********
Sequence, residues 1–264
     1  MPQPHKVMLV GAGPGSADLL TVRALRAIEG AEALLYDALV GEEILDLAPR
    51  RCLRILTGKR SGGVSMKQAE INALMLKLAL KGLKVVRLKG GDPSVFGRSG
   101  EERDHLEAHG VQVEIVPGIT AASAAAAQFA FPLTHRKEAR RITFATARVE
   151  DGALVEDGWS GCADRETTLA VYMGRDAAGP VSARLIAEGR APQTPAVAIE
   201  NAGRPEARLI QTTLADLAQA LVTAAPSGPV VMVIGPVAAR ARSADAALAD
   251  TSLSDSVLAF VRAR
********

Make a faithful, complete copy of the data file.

Sequence, residues 1–264
     1  MPQPHKVMLV GAGPGSADLL TVRALRAIEG AEALLYDALV GEEILDLAPR
    51  RCLRILTGKR SGGVSMKQAE INALMLKLAL KGLKVVRLKG GDPSVFGRSG
   101  EERDHLEAHG VQVEIVPGIT AASAAAAQFA FPLTHRKEAR RITFATARVE
   151  DGALVEDGWS GCADRETTLA VYMGRDAAGP VSARLIAEGR APQTPAVAIE
   201  NAGRPEARLI QTTLADLAQA LVTAAPSGPV VMVIGPVAAR ARSADAALAD
   251  TSLSDSVLAF VRAR